Product Managers: Fight for Curiosity

Intentional curiosity

As I’ve talked with product managers on this topic, here’s the visual that’s emerged:

Curiosity in the product lifecycle

Does this resonate with you? Zooming into how curiosity often plays out in the product lifecycle:

Now what? Some tips.

Five ingredients to moving towards intentional curiosity: Empathy, Trust, Access, Speed, Passion.

João Reis: @_rabiskus, original post here
Photo by Towfiqu barbhuiya on Unsplash
  • Trust is an unlock and an outcome of a culture of curiosity. It’s a loop that builds and builds. When you have a team that feels safe, their minds aren’t consumed with calculating the risks of asking a question.
  • Look at your product portfolio and do a thought exercise. What new learning might cause you to stop something mid-flight? What would it take to over-power the inertia?
  • Teams need access. Is the data accessible, usable? How much friction is there is getting time with a customer?
  • Struggling to care enough to be curious? Find something related that you do care about, and connect it back. (This is a tool that’s often recommended to neurodiverse folks who operate more with an interest-based nervous system rather than an importance-based nervous system.)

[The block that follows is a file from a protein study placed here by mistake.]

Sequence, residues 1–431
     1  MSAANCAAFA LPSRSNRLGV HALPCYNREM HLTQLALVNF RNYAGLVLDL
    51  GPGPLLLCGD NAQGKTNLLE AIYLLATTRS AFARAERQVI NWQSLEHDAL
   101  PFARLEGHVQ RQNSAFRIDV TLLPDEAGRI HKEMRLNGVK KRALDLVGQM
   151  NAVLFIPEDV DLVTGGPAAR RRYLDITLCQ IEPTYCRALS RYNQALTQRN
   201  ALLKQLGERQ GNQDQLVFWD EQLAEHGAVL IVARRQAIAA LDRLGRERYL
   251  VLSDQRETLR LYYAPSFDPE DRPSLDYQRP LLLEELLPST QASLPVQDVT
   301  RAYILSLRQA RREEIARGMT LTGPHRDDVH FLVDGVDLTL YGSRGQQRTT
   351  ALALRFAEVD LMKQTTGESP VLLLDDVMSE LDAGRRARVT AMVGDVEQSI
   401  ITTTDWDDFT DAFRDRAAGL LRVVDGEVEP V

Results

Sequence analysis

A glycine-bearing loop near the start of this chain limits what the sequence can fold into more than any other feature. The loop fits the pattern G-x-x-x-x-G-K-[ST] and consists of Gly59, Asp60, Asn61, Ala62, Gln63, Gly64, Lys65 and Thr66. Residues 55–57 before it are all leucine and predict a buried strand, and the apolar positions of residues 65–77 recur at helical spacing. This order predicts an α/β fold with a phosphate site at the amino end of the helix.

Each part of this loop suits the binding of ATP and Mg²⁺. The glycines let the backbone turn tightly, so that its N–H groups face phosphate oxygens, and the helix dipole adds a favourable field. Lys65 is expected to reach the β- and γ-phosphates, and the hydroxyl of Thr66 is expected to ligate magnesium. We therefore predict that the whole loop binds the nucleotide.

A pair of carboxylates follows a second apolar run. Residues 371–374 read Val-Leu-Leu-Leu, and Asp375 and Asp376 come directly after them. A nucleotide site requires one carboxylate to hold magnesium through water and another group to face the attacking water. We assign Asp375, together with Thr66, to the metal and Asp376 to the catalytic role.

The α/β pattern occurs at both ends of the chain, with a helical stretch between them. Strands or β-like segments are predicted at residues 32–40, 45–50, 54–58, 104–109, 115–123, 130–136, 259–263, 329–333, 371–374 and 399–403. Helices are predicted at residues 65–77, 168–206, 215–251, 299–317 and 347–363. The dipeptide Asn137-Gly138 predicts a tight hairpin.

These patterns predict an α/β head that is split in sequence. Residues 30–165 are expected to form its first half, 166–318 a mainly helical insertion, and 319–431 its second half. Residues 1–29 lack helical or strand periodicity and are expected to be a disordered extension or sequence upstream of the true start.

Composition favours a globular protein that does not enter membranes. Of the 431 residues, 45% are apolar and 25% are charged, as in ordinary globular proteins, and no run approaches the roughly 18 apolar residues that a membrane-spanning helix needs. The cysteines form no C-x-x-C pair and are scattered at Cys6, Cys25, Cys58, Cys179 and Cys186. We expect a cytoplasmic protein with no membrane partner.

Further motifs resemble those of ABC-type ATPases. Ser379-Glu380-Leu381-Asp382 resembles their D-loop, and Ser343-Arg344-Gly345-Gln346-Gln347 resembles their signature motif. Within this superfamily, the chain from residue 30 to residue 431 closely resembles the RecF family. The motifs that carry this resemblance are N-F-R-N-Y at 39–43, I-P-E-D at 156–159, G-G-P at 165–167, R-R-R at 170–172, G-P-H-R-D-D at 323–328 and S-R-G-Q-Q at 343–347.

• For those of you who use your own product each day, what a double edged sword! So easy to become numb to the papercuts and gloss over the opportunities. Don’t let a week go by without talking to a customer for their perspective.
  • Curiosity is contagious. Make a note of the questions you’re asking individually and publicly.
  • At FullStory, we use a simple exercise called One Number. Each PM brings one piece of data to our team meeting. It helps ensure we’re constantly in the data, and always generates rich dialogue: Each insight sparks a flurry of questions, and curiosity takes over!
  • Curiosity requires trust and humility. An empowered org where teams can ask questions and prioritize the answers based on clear frameworks and goals. How would your team rate trust?
  • When asking questions, pair curiosity with context. “I’m curious: Where can I find more data on X? Context: Was talking with a customer yesterday and…” Disarming. Brings others along.
  • As you interview, know that they’re paying attention to the questions you’re asking, too. Curiosity is a key characteristic of product managers.

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Evan Michner

Evan Michner

Head of Product Mgt at FullStory • Write about Product culture, remote work, and career